The Marriage Death Spiral

The Marriage Death Spiral

Husbands, love your wives, and do not be harsh with them. Colossians 3:19

In the entryway to our home, my wife has placed a little “Welcome to Our Home” sign. It’s right next to the key hooks and catchall tray, but for some reason, I frequently plop my keys and other stuff right down on her sign, often displacing it. She gently pointed this out recently, asking me to use the key hooks and catchall, leaving her sign alone. It was a reasonable request, but last night when I got home, I couldn’t help but pile my stuff on the sign. I thought it was funny, but as is often the case – You think you’re funny but you’re not.

I cleaned it up and it was over. There was a time though when that could have gone downhill. We’re better at it now, but sometimes we can still be contentious in a way that starts out small but then descends into something worse. I might say something unkind, thinking I’m funny, which evokes a mean response. Then, hurt, I respond poorly, taking it a step further. If uninterrupted, this can lead to a major conflict that can last for days, weeks, or months.

In my head, I’ve always thought of this as the marriage death spiral. Two people, who can’t even remember how it started, find themselves locked into a contentious posture towards each other and cannot get out. Both feel justified and neither is willing to stop and break the cycle. Some, it seems, have an entire marriage built on this combative foundation. So, they simply bicker back and forth, with never a kind word or action. Any observer would say they’re not in love. Rather, it looks like they despise each other.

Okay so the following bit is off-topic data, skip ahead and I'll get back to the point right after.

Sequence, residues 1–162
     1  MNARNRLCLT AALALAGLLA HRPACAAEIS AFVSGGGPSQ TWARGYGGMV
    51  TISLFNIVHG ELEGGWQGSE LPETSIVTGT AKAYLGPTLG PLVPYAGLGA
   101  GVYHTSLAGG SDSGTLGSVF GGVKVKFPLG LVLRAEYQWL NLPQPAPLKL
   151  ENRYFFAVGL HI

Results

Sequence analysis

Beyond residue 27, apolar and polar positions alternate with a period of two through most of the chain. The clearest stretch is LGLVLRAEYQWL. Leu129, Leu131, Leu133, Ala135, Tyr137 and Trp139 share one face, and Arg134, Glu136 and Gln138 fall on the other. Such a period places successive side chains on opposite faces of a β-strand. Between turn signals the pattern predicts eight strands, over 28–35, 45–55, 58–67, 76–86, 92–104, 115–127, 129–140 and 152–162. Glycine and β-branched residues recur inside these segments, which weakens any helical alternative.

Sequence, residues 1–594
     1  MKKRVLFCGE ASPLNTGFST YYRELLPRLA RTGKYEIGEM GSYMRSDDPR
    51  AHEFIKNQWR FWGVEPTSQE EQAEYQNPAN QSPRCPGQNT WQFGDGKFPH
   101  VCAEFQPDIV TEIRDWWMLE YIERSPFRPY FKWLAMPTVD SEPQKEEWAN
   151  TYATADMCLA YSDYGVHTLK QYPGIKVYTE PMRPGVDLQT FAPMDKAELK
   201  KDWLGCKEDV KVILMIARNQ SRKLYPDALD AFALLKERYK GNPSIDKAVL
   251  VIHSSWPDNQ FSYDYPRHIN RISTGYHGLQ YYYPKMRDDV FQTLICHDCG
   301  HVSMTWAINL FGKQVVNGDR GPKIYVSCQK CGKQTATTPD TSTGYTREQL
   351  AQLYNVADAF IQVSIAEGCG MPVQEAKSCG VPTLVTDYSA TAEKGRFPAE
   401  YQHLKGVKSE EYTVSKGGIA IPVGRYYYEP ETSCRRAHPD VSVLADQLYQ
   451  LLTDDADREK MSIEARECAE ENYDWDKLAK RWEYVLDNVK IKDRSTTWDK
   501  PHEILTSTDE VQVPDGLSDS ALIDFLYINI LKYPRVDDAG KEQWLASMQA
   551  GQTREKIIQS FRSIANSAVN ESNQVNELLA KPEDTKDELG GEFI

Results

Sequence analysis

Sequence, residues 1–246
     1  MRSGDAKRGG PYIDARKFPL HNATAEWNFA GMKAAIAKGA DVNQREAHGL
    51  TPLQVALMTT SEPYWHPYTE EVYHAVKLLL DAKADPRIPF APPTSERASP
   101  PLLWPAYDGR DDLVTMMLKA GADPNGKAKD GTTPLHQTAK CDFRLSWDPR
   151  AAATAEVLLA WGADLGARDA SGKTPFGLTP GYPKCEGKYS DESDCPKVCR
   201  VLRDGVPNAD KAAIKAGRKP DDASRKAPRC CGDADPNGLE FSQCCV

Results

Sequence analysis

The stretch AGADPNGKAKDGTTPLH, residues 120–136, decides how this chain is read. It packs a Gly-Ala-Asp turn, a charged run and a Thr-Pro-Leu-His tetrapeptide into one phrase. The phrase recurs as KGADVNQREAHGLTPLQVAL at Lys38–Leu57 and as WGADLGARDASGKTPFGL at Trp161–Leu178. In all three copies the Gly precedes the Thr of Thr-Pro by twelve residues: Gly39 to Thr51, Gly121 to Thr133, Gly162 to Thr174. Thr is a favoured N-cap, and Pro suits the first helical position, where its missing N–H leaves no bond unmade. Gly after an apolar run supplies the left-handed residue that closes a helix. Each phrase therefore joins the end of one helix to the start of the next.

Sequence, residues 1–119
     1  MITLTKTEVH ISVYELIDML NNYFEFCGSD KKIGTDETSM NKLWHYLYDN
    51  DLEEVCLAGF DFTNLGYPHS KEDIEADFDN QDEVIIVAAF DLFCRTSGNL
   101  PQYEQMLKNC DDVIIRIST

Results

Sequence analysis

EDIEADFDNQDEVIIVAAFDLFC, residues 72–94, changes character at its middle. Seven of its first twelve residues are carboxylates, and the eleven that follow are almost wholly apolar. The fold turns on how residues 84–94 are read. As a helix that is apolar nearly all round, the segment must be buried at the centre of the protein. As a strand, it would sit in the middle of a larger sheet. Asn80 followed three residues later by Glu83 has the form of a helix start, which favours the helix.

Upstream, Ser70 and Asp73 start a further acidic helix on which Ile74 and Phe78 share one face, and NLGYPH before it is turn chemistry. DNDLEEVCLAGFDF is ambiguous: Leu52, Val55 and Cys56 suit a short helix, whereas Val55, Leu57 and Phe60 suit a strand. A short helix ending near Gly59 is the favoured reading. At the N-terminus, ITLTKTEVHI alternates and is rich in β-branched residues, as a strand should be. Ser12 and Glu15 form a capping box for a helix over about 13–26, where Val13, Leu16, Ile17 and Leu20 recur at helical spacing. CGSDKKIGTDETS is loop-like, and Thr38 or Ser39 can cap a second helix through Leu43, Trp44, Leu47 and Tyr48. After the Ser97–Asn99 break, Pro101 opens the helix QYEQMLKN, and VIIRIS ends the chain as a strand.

In today’s passage, Paul provided the out. In it, he told men, Love your wives, and do not be harsh with them. Though unmarried himself, he understood the nature of men and told them to be something different. Instead of being unkind, men must choose to be compassionate. Instead of mean and funny, men must make a continual choice to be loving and supportive.

This is really the only way out of the death spiral – to stop feeling justified and to simply be kind. Paul’s command wasn’t conditional. He didn’t say that we should love our spouses only when they do what we want. That’s often the problem. We feel justified because our spouse hasn’t filled our needs. Responding harshly though, only perpetuates the downward spiral. If we want the kind of marriage for which God made us, we must daily choose to be loving and kind – even when we think we’re justified, or we’re just trying to be funny.

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